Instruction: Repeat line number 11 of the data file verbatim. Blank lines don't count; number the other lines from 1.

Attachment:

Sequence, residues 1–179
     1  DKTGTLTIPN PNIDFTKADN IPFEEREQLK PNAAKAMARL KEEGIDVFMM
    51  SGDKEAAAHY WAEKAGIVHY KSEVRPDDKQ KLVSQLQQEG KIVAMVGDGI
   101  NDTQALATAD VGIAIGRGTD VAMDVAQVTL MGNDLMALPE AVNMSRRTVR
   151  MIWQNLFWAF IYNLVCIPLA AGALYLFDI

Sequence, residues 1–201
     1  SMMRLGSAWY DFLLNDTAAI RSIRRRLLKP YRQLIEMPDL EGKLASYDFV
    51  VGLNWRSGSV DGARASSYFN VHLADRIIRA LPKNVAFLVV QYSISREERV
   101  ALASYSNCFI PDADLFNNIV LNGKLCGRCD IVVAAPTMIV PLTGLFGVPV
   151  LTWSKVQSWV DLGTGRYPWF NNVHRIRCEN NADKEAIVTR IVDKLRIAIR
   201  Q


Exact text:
   201  Q